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  • feedwordpress 08:00:51 on 2018/07/17 Permalink
    Tags: , Get Work Done, , , Life Balance, , ,   

    How to Effectively Get the Right Work Done 

    We’re all ridiculously busy these days. Nearly every leader I talk to feels overloaded and overwhelmed. As crazy as it may seem to add something else to your to-do list, there’s no better time to invest some energy in thinking about how you work and finding ways to be more productive and effective, because the payoff will start immediately.

    Improving productivity has a lot to do with dealing more effectively with barriers, distractions and anything that interferes with your momentum. Here are some of the principles I use to help my clients get the right things done effectively. It can be helpful to think of them in terms of differences you can learn to recognize:

    The difference between being busy and being productive. A lot of people think they’re the same. But busy-ness is easy to fall into and productivity is hard work that requires clarity, focus and strategic thinking as part of a larger plan.

    The difference between something that’s important and something that’s urgent. Lots of things seem important in the moment, but in reality they’re urgent—which lends them an air of false importance. It was President Dwight D. Eisenhower—a master of time management—who pointed out that the most urgent decisions are rarely the most important ones. When you’re stressing over an issue or engaged in making long-term strategic plans, keep this distinction in mind.

    The difference between procrastination and focus. Procrastination is easy, while true motivation requires focus, hard work, and following through. As much as possible, avoid setting down something unfinished to work on something new.

    The difference between working hard and working smart. Hard work involves both physical and mental effort, while smart work is all mental and logical. Working hard keeps you on the path toward meeting  a goal, but working smart usually knows some good shortcuts.

    The difference between a bad and good habit. The first step in truly understanding this distinction is to identify your habit loops. Then you’re ready to evaluate them and, where you need to, make a change. Old habits, as they say, die hard. They may have already reprogrammed your brain. But you can  create new habits to replace the old ones that keep you from being effective or productive.

    The difference between when to say yes and when to say no. Knowing when and how to say no frees you to say yes only to proposals that meet your personal criteria and projects you’re genuinely excited about. The more you say no, the better you’ll be able to focus on your most important work.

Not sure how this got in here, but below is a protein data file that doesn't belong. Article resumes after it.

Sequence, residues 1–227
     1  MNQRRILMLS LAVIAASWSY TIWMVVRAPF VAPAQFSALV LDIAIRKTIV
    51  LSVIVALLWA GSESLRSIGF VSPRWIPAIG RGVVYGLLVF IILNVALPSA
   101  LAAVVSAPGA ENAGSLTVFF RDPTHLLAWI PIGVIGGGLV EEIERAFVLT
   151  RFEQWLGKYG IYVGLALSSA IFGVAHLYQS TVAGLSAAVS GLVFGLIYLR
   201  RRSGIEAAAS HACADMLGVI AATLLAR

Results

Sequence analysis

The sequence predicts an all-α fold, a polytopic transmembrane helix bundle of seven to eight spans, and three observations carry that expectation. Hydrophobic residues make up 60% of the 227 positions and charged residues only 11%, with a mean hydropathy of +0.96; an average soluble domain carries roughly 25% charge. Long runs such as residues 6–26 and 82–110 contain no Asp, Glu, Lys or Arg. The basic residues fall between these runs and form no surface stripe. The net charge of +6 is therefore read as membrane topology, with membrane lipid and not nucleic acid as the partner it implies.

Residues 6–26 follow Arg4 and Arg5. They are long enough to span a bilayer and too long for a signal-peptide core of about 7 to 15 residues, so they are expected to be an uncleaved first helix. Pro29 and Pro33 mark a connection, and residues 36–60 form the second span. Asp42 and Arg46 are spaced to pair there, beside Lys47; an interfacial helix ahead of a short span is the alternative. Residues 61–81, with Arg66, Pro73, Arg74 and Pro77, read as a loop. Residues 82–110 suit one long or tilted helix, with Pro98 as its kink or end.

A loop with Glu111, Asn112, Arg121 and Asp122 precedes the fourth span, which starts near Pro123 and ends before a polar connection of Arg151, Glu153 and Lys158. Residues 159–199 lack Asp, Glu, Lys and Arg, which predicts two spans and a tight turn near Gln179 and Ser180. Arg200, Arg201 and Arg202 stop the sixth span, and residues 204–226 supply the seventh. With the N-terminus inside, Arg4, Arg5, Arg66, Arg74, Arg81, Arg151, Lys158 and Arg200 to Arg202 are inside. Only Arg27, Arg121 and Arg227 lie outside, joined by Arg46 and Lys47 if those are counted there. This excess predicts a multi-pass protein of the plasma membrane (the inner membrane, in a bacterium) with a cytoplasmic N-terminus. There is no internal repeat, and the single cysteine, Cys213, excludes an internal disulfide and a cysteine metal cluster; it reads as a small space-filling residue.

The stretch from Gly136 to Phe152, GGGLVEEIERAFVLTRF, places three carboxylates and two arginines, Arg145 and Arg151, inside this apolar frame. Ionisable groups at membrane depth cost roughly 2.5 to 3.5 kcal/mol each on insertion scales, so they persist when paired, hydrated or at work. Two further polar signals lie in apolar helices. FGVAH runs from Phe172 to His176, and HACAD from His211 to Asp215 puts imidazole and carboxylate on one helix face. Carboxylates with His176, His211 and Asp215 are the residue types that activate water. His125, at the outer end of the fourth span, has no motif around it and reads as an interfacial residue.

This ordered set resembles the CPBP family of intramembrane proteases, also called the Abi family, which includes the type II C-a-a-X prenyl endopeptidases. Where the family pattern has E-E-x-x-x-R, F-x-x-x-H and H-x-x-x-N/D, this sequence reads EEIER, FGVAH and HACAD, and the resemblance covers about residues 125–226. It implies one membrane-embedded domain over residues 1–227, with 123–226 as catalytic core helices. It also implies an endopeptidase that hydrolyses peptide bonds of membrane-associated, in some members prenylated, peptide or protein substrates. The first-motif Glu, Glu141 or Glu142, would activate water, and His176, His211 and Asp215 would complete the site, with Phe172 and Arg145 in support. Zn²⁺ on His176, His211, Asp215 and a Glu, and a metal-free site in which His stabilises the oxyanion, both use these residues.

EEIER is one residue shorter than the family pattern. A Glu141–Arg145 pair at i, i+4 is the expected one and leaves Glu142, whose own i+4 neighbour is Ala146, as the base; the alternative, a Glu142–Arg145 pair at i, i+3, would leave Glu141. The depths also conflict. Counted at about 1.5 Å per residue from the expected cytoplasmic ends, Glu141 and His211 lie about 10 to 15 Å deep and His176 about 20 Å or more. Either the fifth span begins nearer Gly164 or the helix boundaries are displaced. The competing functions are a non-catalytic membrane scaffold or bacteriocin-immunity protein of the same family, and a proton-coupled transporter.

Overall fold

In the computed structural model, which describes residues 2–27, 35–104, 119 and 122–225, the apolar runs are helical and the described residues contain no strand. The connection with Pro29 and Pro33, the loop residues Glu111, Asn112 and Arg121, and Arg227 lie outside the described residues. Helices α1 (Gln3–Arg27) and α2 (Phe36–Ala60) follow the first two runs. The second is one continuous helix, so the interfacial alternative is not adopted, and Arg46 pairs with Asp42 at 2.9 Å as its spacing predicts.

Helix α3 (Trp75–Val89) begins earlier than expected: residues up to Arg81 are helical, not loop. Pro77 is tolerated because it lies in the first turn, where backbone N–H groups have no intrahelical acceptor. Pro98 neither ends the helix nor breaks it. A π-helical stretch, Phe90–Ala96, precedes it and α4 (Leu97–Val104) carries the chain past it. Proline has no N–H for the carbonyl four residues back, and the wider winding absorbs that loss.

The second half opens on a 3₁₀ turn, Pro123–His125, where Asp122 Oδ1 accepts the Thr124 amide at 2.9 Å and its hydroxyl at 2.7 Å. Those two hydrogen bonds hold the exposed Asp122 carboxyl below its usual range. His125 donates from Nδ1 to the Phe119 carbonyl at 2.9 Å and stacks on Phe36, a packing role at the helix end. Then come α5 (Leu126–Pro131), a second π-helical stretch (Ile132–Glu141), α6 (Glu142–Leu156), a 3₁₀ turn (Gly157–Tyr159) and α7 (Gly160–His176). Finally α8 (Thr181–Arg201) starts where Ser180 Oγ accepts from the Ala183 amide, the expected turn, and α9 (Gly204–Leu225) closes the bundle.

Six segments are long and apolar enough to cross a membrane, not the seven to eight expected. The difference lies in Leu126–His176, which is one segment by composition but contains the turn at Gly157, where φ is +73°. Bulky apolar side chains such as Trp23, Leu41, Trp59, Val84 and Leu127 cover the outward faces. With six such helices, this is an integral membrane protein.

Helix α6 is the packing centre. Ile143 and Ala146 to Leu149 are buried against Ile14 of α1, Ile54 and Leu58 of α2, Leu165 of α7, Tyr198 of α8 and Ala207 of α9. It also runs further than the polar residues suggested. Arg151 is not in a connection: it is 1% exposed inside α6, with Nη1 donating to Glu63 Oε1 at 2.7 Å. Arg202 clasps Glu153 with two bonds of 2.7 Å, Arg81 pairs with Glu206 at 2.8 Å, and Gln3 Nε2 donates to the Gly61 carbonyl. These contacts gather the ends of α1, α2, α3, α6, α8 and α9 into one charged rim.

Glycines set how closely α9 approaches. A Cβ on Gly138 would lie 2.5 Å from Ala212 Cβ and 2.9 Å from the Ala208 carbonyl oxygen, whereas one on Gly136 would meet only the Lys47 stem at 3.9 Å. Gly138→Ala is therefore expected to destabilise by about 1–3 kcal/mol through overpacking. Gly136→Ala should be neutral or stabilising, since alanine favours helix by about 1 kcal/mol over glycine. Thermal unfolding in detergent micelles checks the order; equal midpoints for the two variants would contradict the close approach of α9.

The difference between overwhelming and manageable projects. It’s as simple as breaking things down into smaller tasks. When you do, you’re forced to think through each step up front. Remember, small things done consistently create major impact.

    Once you really understand and absorb these principles, you’ll be prepared to handle any situation. And, as if that weren’t enough, you’ll be more relaxed and confident. You’ll get more done with less effort, more effectiveness and no down side.

    Lead from within: Productivity doesn’t happen on its own, it’s a task you must do every day to get the right work done effectively.

     


     

    N A T I O N A L   B E S T S E L L E R
    The Leadership Gap: What Gets Between You and Your Greatness

    After decades of coaching powerful executives around the world, Lolly Daskal has observed that leaders rise to their positions relying on a specific set of values and traits. But in time, every executive reaches a point when their performance suffers and failure persists. Very few understand why or how to prevent it.

    buy now

     

     


    Additional Reading you might enjoy:

     

    Photo Credit: Getty Images

    The post How to Effectively Get the Right Work Done appeared first on Lolly Daskal.

     
  • feedwordpress 08:00:58 on 2018/07/05 Permalink
    Tags: , , , , , , Life Balance, , ,   

    How to Make Your Management Meetings More Productive  

    For anyone who works within an organization, meetings are a fact of life. And there are few things in corporate life worse than badly run meetings—the ones that don’t start on time and don’t stay on track but circle around and around in endless discussion with no direction, leaving everyone to wonder who’s in charge.

    It doesn’t have to be that way. A meeting that’s structured and run well can be an effective and even productive use of everyone’s time. As a leadership and executive coach, I’ve helped hundreds of chief executives learn how to run effective meetings.

    Based on that experience, here are the strategies that work best:

    Provide an agenda in advance. An effective meeting needs prep work, and that  means putting together an agenda. An agenda is a great tool for making sure your meetings stay on track and on time. It can help you set expectations up front, organize the subjects you want to cover into a workable structure, and avoid wasted time.

    Send the agenda and any important background material 24 hours in advance. Once you’ve prepared your agenda, send it to participants for input. There may be something important that another participant wants to talk about, or something you’ve forgotten to add—or there may be some points you’ve listed that are already resolved. By sending the agenda and other meeting materials in advance, you give people a chance to prepare and make the most of their time.